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try the Chanel sunscreen. damn shiok one
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Old 12-05-2019, 04:57 PM   #13
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if i want to suntan to be darker and protect my skin from aging by UV rays, is there such sunscreen?
get suntanning oils

get sunblock will defeat the purpose because you need the UVB to get the tan, but that doesn't mean you should let your skin be roasted dry in the sun, that's where suntanning oil comes in
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Old 12-05-2019, 05:57 PM   #14
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try the Chanel sunscreen. damn shiok one
CHANEL UV Essentiel Multi-Protection Daily Defense Sunscreen Anti-Pollution Broad Spectrum SPF 50
Ingredient list:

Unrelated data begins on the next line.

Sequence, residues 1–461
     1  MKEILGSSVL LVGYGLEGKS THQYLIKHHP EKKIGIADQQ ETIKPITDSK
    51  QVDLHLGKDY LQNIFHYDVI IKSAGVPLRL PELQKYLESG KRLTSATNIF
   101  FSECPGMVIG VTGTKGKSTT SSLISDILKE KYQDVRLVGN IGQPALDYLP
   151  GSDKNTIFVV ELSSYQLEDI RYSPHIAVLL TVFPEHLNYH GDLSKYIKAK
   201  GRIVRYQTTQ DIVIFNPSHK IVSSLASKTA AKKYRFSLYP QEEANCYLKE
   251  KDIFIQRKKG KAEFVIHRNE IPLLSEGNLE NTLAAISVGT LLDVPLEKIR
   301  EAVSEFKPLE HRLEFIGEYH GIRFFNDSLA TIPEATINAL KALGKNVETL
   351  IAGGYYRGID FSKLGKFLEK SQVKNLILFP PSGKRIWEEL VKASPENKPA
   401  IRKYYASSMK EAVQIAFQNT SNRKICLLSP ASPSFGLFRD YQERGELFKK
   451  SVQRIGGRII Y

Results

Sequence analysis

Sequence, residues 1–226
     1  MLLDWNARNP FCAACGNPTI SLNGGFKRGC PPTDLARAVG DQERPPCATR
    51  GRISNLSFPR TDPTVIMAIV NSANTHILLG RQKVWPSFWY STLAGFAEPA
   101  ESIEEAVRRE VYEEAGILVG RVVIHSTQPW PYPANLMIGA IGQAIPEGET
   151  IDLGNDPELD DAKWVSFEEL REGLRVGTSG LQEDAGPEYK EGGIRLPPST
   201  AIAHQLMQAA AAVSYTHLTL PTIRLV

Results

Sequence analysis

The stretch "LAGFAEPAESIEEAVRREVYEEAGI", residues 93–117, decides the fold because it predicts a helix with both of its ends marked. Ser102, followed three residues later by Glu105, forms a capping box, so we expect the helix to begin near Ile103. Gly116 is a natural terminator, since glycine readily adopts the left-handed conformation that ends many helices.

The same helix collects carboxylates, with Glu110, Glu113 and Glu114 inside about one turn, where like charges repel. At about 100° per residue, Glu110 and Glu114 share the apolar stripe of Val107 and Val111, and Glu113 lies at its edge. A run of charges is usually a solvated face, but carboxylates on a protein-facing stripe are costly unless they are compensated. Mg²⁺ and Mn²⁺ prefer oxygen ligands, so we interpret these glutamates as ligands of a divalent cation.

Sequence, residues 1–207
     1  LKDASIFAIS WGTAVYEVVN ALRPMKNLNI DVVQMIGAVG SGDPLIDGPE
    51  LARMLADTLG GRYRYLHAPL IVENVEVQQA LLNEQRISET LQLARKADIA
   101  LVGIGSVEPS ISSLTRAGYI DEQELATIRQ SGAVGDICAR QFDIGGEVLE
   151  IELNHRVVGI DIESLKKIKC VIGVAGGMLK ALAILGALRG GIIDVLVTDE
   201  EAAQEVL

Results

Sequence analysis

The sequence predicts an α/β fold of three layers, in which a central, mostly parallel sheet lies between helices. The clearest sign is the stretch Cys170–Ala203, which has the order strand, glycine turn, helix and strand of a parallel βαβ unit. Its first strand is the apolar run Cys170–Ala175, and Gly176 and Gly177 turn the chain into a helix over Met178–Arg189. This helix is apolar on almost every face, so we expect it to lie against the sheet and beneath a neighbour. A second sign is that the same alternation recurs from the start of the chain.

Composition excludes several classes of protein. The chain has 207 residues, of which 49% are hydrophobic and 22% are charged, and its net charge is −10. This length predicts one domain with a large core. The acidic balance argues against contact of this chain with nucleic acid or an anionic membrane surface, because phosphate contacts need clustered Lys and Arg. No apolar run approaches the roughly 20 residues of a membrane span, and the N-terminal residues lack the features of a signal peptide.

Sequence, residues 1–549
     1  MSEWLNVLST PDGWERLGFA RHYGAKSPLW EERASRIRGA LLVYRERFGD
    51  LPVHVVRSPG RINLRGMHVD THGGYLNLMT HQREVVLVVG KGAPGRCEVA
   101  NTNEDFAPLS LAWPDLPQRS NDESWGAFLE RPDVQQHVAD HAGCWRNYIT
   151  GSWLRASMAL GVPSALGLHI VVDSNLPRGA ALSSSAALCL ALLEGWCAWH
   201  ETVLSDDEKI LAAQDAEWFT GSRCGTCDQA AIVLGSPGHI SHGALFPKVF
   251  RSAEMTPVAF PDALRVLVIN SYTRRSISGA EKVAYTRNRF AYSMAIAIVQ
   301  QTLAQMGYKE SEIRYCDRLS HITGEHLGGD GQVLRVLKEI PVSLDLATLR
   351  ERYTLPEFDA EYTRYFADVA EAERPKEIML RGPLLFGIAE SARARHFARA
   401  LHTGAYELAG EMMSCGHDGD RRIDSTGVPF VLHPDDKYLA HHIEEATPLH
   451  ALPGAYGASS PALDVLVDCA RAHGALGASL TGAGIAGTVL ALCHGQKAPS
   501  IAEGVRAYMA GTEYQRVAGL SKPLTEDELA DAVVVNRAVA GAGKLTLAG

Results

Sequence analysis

Active Ingredients: zinc oxide 19, Octinoxate 7.5 Titanium Dioxide 2.5 Inactive Ingredients: cyclopentaxiloxane, zinc oxide (19) , aqua, ethylhexyl methoxycinnamate (7.5), alchohol denat, isononyl isonanoate, dipropyleneglcol, glycerin, neopenthyl glycol dicaprate, polymethilsilsesquioxane, polymethyl methacrylate, dimeticone, triethoxycaprylylsilane, PEG-9polydimethylsiloxethl dimethicone, propylene glycol, thocopheryi acetate, butyleneglycol, parfum, hydrolyzed wheat protein, mannitol, dimethicone/vinyl dimethicone crosspolymere, methylparabean, glycogen, panax ginseng root extract, aesculus hippocastanum eed exract, tilia cordata wood extract, trimethoxycaprylylsilane, sodium citrate, sodium hyaluronate, chlorphenesin, Faex,bht, peg -40 hydrogenated castor oil, glycyrrhiza glabra extract, phenoxyethanol, calcium panthothenate, biotin, butylparaben, ethylparaben, propylparaben, titanium dioxide.